The older shoulder

Top ten reasons for learning more about shoulder pain by Simeon Niel-Asher

Top ten reasons for learning more about shoulder pain by Simeon Niel-Asher

Shoulder pain affects 60 per cent of the population at one time in their life and its incidence increases with age, particularly as the shoulder is involved in almost all of our waking activities. It is extremely flexible and this is what makes it vulnerable to injury.

The simple fact is that our shoulder joints weren’t designed to last more than about 40 years; we have built-in obsolescence. Consequently, understanding shoulder pathology in the ageing population and formulating appropriate intervention, or better still, prevention is extremely important and can save patients a lot of time, pain, and money.

Here are the top ten reasons for learning more about shoulder pain:

  1. As a therapist, you are on the front line
  2. Manual therapy can effectively treat 90% (1) of all shoulder problems
  3. Most people over the age of 50 (2) have moderate to severe shoulder damage even if it’s silent
  4. You could have a better understanding of what ‘switches on’ a silent shoulder problem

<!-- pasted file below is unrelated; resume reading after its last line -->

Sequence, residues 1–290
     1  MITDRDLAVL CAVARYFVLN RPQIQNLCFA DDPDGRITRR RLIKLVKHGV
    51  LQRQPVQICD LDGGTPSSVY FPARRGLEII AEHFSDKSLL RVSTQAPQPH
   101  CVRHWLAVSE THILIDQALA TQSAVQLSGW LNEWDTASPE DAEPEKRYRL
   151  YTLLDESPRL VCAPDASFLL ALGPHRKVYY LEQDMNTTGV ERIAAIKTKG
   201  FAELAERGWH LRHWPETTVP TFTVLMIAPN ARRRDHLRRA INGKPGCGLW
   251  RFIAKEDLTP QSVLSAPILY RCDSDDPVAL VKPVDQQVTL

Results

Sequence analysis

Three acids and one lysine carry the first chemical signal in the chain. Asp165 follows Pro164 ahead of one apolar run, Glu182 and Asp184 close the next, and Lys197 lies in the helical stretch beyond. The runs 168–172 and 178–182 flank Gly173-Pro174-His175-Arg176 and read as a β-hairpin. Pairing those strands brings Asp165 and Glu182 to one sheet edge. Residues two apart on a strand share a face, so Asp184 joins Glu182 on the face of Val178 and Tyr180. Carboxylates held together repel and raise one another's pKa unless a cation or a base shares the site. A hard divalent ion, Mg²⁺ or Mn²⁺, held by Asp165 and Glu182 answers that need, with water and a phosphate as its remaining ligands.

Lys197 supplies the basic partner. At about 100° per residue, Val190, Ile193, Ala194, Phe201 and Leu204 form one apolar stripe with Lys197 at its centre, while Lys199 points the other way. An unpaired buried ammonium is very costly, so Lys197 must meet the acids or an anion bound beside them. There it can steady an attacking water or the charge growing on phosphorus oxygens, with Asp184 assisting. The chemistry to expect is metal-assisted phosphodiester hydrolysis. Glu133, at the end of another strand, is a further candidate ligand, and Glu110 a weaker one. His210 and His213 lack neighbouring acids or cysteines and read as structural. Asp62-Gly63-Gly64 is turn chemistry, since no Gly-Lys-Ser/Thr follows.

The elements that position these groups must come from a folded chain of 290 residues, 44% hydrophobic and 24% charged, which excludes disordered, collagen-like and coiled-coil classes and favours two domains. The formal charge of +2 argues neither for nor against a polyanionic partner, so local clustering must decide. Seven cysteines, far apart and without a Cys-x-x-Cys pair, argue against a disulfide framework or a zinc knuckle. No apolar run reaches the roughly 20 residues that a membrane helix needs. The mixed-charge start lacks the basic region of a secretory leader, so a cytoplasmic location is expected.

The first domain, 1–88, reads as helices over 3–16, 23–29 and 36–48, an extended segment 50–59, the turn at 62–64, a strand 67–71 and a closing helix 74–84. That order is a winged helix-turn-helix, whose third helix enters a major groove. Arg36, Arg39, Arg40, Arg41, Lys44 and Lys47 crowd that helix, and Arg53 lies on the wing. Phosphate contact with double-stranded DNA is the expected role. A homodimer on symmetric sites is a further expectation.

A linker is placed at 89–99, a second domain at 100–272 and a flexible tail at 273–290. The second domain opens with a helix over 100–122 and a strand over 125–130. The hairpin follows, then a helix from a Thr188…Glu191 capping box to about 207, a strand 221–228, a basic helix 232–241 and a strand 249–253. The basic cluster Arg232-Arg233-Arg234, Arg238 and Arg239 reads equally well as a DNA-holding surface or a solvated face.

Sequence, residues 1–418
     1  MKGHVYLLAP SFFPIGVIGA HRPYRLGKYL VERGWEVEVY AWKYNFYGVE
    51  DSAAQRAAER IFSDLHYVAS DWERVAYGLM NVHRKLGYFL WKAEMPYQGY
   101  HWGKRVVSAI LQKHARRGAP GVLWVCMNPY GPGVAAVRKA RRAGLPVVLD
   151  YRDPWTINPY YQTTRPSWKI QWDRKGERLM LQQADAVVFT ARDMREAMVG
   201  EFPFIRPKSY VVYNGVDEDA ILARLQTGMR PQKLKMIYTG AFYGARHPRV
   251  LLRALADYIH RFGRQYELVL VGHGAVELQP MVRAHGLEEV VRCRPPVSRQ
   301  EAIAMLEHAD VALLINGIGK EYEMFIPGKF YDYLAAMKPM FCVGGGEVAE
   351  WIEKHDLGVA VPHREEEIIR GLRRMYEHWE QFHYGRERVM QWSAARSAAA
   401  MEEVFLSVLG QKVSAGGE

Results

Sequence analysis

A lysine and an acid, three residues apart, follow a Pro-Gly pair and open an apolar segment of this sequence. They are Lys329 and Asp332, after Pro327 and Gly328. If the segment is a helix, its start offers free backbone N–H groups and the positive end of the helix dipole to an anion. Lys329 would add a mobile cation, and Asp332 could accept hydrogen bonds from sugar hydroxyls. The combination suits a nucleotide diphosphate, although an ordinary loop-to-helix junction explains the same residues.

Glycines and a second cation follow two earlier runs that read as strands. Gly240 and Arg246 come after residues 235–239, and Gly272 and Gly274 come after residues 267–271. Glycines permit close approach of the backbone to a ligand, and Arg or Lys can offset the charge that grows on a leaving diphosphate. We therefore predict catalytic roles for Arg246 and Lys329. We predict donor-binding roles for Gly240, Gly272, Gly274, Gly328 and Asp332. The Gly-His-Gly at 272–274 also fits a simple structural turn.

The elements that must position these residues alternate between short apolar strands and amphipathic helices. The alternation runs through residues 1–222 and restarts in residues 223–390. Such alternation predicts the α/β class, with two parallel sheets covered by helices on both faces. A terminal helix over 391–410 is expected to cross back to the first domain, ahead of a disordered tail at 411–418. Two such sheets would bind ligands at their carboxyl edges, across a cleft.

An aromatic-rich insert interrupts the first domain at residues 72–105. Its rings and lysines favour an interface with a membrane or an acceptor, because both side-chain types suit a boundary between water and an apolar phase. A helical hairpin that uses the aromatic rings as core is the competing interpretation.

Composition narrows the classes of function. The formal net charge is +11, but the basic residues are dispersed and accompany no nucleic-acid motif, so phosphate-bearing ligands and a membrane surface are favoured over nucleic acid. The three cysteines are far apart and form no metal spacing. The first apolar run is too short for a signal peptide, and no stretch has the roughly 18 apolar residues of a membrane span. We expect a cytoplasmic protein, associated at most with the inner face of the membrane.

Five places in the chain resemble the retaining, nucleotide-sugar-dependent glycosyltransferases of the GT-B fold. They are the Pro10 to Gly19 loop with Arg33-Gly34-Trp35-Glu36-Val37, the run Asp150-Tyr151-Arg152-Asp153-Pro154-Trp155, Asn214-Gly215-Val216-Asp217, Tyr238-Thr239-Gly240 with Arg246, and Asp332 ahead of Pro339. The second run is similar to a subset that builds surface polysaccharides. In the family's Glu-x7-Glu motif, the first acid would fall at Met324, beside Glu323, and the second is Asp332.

5. Understanding the most common problems helps inform clinical decisions
  6. There are so many treatment options but none have proven consistently effective
  7. I invented a simple, effective hands-on technique (NAT) that is guaranteed to revolutionise the way you approach the shoulder from now on
  8. NAT is an advanced trigger point technique
  9. NAT is evidence based, tested at Addenbrooke’s Hospital and in an international multi-centre study
  10. NAT also naturally enhances performance and reduces the chance of injury.
References:
(1) http://orthoinfo.aaos.org/topic.cfm?topic=a00065
(2) Girish, G., Lobo, L. G., Jacobson, J. A., Morag, Y, Miller, B. and Jamadar, D. A. 2011. Ultrasound of the shoulder: Asymptomatic findings in men. AJR Am J Roentgnol, 197, W713-9.

Simeon Niel AsherSimeon Niel-Asher, B. Phil., B. Sc., (Ost.), qualified as an osteopath in 1992, and uses trigger point therapy in his every day work. He is the inventor of the Niel-Asher Technique™ (NAT) for treating frozen shoulder syndrome and was named by the Evening Standard newspaper as one of the top ten osteopaths in London. He is involved in treating, research, writing, and teaching throughout Europe, the Middle East and the USA.

Attend Simeon’s workshop, Treating the shoulder with NAT at the 2015 FHT Training Congress on Sunday 6 September


2015 FHT Training Congress2015 FHT
Training Congress

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